From The Tenth Amendment Center:

SALEM, Ore. (Jan. 4, 2016) – Privacy got a boost in Oregon on New Year’s Day.

On Jan.1, a new law prohibiting police from obtaining information from electronic devices without a warrant in most cases went into effect. The new law will not only protect privacy in Oregon, but will also address a practical effect of federal spying.

Sen. Chip Shields (D-Portland), Rep. Jennifer Williamson (D-Portland), Sen. Tim Knopp (R – Bend) and Rep. John Huffman (R-The Dalles) introduced Senate Bill 641 (SB641) last February. The bill prohibits state and local law enforcement officers from using “forensic imaging” to obtain information contained in a portable electronic device except with a warrant, or by consent. “Forensic imaging” means “using an electronic device to download or transfer raw data from a portable electronic device onto another medium of digital storage,” but does not include photographing or transcribing information “observable from the portable electronic device by normal unaided human senses.”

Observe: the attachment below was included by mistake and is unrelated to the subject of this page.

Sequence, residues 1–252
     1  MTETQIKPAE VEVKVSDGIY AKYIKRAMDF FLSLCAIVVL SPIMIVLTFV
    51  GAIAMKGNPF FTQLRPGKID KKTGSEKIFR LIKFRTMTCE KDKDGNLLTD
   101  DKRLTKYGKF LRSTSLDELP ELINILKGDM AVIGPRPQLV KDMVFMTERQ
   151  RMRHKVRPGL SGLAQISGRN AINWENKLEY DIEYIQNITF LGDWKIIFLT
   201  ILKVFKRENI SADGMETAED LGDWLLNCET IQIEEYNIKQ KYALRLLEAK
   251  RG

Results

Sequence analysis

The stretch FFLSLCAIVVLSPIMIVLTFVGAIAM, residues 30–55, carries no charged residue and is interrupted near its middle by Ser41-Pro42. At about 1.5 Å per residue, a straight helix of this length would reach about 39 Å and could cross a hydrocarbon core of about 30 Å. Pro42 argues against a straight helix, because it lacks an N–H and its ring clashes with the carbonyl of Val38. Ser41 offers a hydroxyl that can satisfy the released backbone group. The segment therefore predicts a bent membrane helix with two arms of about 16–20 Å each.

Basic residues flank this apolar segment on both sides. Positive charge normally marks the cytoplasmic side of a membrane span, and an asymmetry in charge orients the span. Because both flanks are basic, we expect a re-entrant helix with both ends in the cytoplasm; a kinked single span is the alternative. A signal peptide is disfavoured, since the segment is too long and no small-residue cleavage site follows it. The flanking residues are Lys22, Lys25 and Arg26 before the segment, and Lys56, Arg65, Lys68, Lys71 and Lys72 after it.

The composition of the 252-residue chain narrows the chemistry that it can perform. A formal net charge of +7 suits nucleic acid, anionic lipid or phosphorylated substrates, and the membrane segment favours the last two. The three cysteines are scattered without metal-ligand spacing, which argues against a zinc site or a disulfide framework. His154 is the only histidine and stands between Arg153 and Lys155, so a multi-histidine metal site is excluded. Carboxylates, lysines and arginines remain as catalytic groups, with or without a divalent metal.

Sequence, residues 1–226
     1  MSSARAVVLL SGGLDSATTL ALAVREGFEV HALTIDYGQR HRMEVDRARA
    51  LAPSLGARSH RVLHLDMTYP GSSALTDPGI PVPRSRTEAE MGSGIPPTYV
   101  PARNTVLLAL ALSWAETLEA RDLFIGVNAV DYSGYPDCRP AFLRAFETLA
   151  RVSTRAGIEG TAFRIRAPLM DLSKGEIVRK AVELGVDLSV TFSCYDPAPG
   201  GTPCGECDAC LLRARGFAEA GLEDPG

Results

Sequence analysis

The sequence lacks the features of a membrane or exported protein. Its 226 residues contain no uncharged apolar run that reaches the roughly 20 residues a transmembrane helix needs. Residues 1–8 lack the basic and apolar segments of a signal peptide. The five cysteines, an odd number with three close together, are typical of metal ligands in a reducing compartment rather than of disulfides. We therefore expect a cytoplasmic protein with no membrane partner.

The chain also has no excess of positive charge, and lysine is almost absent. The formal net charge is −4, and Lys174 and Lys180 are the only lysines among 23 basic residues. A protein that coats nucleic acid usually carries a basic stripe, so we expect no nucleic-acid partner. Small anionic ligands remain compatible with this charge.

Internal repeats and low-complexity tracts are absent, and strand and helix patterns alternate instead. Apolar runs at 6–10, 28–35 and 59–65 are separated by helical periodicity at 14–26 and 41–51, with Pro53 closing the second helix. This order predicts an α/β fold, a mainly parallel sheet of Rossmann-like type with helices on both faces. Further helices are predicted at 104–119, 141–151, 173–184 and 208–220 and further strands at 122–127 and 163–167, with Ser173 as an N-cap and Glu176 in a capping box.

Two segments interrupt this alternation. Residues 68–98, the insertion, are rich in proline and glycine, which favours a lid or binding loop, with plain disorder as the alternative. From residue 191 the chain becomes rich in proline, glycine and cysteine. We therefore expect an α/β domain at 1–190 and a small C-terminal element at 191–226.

SB641 stipulates that any information “obtained” in violation of the law:

(a) Is not admissible in and may not be disclosed in a judicial proceeding, administrative proceeding, arbitration proceeding or other adjudicatory proceeding; and

(b) May not be used to establish reasonable suspicion or probable cause to believe that an offense has been committed.

The law exempts jails, state hospitals, and parole and probation officers from the restrictions.

The House passed the bill by a 44-4 vote, and the Senate approved the measure 26-2.

As originally introduced, SB641 prohibited any search of…

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